"While" and "during"

The sentence 1 is ungrammatical because a clause has to follow メwhileモ.
I think 3 is still a bad sentence with メonモ, or is it somehow acceptable?
Can 3 considered as a reduced sentence of 4,?

1. *I visited Paris while the vacation.
2. I visited Paris during the vacation.
3. *I visited Paris while on the vacation.
4. I visited Paris while I was on the vacation.

mitsuko

Original Post
Sentence 1 is not correct, for the reason given by Mitsuko. "While" needs a clause, whether finite (with a verb marked for tense) or nonfinite (without a tense-marked verb) Sentences 2, 3, and 4 are all correct. "While" can certainly be used with a prepositional phrase such as "on vacation" denoting a state. It is also used with adjectives and participles:

While sick with chicken pox, Frederick managed to support his family by doing some freelance editing

While flying to her next reporting assignment, Susan realized that she really wanted to retire to a desert island

Sentence 3 can be considered a reduced version of 4.

The "reduced" adverbial clause is common in written style, but not common in casual conversation. That 's why, for stylistic reasons, the full clause, as in 4, would be preferable in informal style.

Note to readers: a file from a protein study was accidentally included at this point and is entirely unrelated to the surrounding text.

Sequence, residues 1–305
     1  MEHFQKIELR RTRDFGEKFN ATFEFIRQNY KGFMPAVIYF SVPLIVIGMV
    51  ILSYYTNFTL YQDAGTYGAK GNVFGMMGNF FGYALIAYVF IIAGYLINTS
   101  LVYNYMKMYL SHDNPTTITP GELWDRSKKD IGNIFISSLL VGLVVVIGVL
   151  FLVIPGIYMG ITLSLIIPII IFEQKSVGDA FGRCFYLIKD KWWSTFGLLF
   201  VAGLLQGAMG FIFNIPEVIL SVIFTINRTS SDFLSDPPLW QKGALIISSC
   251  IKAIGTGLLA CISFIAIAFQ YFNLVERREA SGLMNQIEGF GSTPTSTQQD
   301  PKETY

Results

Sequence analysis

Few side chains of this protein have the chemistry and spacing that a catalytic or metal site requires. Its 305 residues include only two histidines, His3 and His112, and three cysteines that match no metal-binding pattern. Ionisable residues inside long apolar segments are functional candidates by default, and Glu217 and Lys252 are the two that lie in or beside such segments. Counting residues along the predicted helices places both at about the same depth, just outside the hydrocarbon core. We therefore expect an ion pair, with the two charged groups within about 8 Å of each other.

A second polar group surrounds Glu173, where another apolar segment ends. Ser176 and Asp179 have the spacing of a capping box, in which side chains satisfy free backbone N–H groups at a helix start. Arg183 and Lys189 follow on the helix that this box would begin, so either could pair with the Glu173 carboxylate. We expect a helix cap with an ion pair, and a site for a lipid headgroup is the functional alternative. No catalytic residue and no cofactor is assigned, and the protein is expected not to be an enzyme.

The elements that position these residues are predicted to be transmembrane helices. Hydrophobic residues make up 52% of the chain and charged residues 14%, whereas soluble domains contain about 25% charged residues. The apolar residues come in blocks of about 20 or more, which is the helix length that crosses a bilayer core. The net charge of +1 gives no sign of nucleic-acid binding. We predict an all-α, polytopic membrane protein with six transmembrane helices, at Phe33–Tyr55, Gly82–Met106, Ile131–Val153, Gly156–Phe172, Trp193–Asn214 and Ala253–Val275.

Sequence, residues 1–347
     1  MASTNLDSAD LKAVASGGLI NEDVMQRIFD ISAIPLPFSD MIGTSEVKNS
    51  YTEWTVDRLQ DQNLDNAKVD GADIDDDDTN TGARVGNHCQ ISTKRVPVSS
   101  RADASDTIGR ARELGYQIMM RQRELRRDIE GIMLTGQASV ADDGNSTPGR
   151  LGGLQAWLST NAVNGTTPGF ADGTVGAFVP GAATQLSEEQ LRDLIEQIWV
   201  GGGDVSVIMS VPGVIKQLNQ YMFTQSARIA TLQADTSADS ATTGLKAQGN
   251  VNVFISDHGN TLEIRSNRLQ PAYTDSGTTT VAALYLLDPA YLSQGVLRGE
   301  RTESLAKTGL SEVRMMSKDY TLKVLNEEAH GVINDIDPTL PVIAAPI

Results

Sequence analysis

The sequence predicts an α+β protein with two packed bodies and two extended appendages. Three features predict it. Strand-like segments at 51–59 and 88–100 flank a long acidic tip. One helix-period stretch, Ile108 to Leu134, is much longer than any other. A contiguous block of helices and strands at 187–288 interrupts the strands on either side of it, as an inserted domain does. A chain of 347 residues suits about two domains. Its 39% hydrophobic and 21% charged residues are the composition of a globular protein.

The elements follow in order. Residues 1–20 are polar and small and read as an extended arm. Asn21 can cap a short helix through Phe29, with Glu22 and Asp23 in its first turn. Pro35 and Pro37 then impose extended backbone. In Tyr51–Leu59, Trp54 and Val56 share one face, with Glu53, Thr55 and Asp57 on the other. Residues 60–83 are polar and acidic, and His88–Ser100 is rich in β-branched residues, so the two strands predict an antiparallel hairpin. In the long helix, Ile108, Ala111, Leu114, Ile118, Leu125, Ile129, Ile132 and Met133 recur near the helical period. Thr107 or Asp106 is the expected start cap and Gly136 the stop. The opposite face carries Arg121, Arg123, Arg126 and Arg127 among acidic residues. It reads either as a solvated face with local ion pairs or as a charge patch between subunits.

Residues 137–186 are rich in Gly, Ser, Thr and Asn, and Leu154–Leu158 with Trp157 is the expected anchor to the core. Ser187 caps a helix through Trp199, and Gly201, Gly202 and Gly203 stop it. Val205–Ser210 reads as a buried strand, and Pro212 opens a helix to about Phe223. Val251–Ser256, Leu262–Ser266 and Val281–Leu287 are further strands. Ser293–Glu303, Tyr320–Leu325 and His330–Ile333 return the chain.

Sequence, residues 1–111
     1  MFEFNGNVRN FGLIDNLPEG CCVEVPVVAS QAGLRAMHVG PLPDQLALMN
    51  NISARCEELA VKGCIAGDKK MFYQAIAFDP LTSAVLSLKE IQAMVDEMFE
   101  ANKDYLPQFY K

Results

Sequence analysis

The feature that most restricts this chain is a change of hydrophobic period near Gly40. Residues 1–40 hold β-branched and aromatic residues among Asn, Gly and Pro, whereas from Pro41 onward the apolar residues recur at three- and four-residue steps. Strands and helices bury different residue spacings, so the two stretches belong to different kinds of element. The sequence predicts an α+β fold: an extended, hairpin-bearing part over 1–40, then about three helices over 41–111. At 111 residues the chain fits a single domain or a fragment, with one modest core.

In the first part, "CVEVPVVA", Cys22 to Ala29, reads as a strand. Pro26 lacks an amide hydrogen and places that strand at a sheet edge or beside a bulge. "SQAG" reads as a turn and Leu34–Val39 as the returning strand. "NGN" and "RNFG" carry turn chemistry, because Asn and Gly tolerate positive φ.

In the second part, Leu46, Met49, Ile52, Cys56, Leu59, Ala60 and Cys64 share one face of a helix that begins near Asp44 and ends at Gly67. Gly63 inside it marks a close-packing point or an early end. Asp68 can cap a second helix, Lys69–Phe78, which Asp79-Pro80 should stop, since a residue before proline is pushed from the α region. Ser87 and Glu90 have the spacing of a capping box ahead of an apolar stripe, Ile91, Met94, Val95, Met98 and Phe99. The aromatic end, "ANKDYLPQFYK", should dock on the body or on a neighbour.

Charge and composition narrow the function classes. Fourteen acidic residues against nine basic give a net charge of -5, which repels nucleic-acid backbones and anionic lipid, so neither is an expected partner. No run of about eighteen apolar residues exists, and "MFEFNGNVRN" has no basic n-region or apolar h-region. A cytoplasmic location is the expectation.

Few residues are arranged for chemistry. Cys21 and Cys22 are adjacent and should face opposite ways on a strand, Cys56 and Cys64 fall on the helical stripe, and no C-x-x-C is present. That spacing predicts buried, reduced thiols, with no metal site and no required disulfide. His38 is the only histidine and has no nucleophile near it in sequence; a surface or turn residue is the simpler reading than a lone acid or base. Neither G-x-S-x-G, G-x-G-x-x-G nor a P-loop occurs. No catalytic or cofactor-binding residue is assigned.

What is not correct about all the sentences is the use of "the" in "on the vacation." The correct expression is "(be) on vacation." One is on vacation, on leave, on trial, on duty, etc.

(It is also possible to use a possessive:

They visited Paris while on their vacation

The possessive is unnecessary, however, since the state of being on vacation is automatically assigned to the grammatical subject of "be." You can't be on someone else's vacation.)

Marilyn Martin
Oh, no, (2) doesn't work. Your have to say

I called my family as soon as I was at the station

I was talking about the adverb while, not any other adverb or adverbial phrase. And I was listing a few expressions that are used with while that do not have the definite article, such as

be on vacation
be on leave
be on duty

Others are

be on parole
be on probation
be on call ("be ready at a moment's notice to go to work")

These are fixed phrases that denote status, not physical location, and are about the only ones I can think of right now. Can any other members supply more?

Marilyn Martin
"When" can be used with the same list of expressions as have been posted for "while."

The sentence

I'm always here when in need

...can't be understood, however. It would mean that the person is always "here" when that same person is in need. If the person means to talk about someone else being in need it would be

I'm always here when you're in need

You can use "when in need" in sentences like

When in need, she always calls her mother

Students should not hesitate to get in touch with crisis counselors when in need

There are differences between "while" and "when." "While" is always durative but "when" is not always durative.

Marilyn Martin

Add Reply

Likes (0)
×
×
×
×